To read the Czars review of HR 3200, pages 401-500, please click here.
You know, in a weird twist of irony, the Czar had surgery done on his foot quite recently. He hobbled into a small, community clinic, paid $20 as a co-pay, and complained to a wonderful, grandmotherly doctor about the extraordinary pain in his toe. She looked at it, and declared it an ingrown toe-nail. 20 minutes later, the Czar had his foot wrapped in gauze and tape, the offending nail cut away. Cured. But, she added, she wanted to run some blood tests on the Czar because his diastolic blood pressure was holding at 104. Shouldnt be that high, so she put the Czar on a mild dose of medication to reduce the hypertension and instructed him to notify the Royal Surgeon and investigate whether this is some early form of diabetes, or the onset of heart problems.
Two things about that. The President appears to believe that being treated and released within 20 minutes is not possible under private healthcare programs. And he believes that the battery of tests done serve only to enrich the pockets of greedy doctors. All the Czar knows is that his excruciating pain was cured in 20 minutes, and the same doctor caught what may be a severe health condition right when it was easiest to treat. This horribly broken system worked incredibly well for the Czar.
But on to pages 501-600, which means we are now halfway through the bill!
Almost all of this portion of the bill addresses how skilled nursing facilities, currently overseen by states, will now abide by and report to federal commissions for quality and regulations. This is a bad idea, since it clearly infringes on a states ability to control its own interests where skilled nursing facilities are involved. Some state governments might like the idea of letting the feds pay for all this, since management of skilled nursing facilities is extremely difficult in the best of situations, but most will not. As always, exactly how this process will change under public healthcare is omitted; once again, this will be determined by a series of commissions and oversight interests. However, the procedures for ensuring employees and patients receive quality care is spelled out to a nearly trivial level.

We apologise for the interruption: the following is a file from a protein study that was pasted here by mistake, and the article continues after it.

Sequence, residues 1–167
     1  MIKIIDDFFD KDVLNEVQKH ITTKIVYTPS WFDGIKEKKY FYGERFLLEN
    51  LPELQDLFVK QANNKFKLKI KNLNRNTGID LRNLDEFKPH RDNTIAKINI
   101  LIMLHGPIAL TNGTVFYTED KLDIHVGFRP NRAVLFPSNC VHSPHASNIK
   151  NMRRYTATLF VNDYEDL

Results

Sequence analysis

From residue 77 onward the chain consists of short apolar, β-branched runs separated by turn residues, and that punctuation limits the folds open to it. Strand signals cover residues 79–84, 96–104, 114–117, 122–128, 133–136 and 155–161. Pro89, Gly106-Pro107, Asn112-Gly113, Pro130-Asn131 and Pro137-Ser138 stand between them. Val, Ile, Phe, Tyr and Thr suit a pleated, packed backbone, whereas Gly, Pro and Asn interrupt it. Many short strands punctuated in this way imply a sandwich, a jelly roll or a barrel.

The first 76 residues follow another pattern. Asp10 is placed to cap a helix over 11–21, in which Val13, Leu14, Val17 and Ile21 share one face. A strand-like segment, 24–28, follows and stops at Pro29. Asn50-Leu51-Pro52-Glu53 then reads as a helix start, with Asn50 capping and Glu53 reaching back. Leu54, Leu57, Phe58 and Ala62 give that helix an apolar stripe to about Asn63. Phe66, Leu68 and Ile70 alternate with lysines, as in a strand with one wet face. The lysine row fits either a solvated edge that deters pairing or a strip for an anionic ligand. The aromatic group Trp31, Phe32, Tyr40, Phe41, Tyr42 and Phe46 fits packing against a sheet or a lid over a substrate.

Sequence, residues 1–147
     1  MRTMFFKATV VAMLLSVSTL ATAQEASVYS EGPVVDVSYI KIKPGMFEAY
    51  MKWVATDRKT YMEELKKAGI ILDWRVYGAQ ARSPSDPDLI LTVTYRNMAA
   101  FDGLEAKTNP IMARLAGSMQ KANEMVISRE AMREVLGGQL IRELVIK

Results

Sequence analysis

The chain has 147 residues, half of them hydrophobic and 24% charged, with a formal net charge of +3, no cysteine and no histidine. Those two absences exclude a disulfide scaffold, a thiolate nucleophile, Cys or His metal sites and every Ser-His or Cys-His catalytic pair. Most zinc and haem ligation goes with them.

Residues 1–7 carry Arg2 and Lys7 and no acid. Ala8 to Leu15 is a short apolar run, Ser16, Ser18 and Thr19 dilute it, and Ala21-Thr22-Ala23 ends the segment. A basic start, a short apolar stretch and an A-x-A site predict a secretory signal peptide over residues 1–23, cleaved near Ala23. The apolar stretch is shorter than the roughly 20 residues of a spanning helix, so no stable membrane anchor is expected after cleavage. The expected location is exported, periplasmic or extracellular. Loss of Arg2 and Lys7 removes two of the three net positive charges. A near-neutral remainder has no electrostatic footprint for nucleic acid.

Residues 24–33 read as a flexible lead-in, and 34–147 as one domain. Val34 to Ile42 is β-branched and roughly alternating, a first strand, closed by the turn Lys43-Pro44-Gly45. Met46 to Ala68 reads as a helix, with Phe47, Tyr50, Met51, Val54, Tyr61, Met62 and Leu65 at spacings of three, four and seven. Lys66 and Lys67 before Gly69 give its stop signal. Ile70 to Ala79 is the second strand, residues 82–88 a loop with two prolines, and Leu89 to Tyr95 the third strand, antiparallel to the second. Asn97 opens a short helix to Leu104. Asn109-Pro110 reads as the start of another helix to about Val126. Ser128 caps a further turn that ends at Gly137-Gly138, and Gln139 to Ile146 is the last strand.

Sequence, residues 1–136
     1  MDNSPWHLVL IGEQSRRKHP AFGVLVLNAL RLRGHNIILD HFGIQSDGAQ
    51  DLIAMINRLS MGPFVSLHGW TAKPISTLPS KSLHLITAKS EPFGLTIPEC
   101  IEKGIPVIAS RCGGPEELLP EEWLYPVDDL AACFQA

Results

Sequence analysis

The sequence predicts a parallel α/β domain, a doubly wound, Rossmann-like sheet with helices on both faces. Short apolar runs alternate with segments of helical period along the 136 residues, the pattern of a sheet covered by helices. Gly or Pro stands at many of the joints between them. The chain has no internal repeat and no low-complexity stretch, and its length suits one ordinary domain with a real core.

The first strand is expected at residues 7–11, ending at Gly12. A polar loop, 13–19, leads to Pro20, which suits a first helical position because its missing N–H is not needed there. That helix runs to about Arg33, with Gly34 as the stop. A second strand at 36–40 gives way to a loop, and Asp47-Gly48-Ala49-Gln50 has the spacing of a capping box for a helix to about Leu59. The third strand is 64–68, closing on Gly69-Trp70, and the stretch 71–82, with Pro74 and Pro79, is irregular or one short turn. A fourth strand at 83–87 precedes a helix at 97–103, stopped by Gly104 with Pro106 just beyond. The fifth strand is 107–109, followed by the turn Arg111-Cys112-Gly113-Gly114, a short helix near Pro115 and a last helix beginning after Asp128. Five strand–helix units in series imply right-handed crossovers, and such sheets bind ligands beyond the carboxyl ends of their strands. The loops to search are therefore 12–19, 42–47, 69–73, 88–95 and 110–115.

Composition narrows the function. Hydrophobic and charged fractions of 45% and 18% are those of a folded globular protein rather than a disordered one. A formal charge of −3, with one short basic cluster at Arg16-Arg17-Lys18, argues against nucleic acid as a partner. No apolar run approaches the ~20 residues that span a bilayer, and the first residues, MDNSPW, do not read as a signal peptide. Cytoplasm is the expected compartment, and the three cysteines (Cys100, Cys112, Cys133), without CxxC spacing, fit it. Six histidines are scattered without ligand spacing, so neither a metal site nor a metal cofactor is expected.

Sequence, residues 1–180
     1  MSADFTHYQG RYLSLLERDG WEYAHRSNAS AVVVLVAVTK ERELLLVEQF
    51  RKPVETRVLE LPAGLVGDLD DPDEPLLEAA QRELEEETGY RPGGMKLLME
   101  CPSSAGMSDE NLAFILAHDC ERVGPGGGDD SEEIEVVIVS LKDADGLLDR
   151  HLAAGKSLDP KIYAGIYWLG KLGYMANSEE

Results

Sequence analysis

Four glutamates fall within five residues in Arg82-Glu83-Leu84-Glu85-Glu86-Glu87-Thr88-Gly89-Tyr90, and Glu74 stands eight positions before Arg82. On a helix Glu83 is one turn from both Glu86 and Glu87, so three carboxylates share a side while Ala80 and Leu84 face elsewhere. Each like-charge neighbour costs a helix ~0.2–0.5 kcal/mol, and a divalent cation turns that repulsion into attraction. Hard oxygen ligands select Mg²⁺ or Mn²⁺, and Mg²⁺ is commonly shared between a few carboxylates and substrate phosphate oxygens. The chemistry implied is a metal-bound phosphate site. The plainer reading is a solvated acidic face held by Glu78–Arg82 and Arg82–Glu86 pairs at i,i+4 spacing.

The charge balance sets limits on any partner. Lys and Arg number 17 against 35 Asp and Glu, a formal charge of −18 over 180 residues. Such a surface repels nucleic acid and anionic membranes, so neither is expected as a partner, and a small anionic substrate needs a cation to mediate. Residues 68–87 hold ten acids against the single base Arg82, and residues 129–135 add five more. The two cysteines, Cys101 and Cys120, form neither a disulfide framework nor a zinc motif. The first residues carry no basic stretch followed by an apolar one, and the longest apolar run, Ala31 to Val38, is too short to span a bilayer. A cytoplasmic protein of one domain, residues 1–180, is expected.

This should please the SEIU, because there is a lot about protecting the interests of workers at these facilities from management. Indeed, a massive amount of these pages cover filing grievances, protection against whistleblowers and management retaliation…almost as if the SEIU wrote it from one of their standard skilled nursing home labor contracts. That, my friends, is a hint.
Of course, ironically, if this gets passed, why would a nursing home employee need to join the SEIU, since so much of the benefits are now federalized? In other words, if you land a job at a nursing home, and the US of A is ensuring you get union-style protection and autonomy on the job, why would you pay a dime to the SEIU to get the same thing? Why not save your paychecks and stick with what you get?
Hey, SEIU. Heres some free advice from the Czar: pigs get fat, hogs get slaughtered. Your input into HR 3200 is driving your support of it. But you fail to realize that youve made yourself even less useful if this gets passed. Let your AARP stooges know that as well. Right now, they are busy trying to hush up their irate members, who have begun to phone, write, and email their condemnation of the AARPs support of healthcare reform, so they might not have time to read this.
But you can read the Czars review of pages 601-700 by clicking here!
Божію Поспѣшествующею Милостію Мы, Дима Грозный Императоръ и Самодержецъ Всероссiйскiй, цѣсарь Московскiй. The Czar was born in the steppes of Russia in 1267, and was cheated out of total control of all Russia upon the death of Boris Mikhailovich, who replaced Alexander Yaroslav Nevsky in 1263. However, in 1283, our Czar was passed over due to a clerical error and the rule of all Russia went to his second cousin Daniil (Даниил Александрович), whom Czar still resents. As a half-hearted apology, the Czar was awarded control over Muscovy, inconveniently located 5,000 miles away just outside Chicago. He now spends his time seething about this and writing about other stuff that bothers him.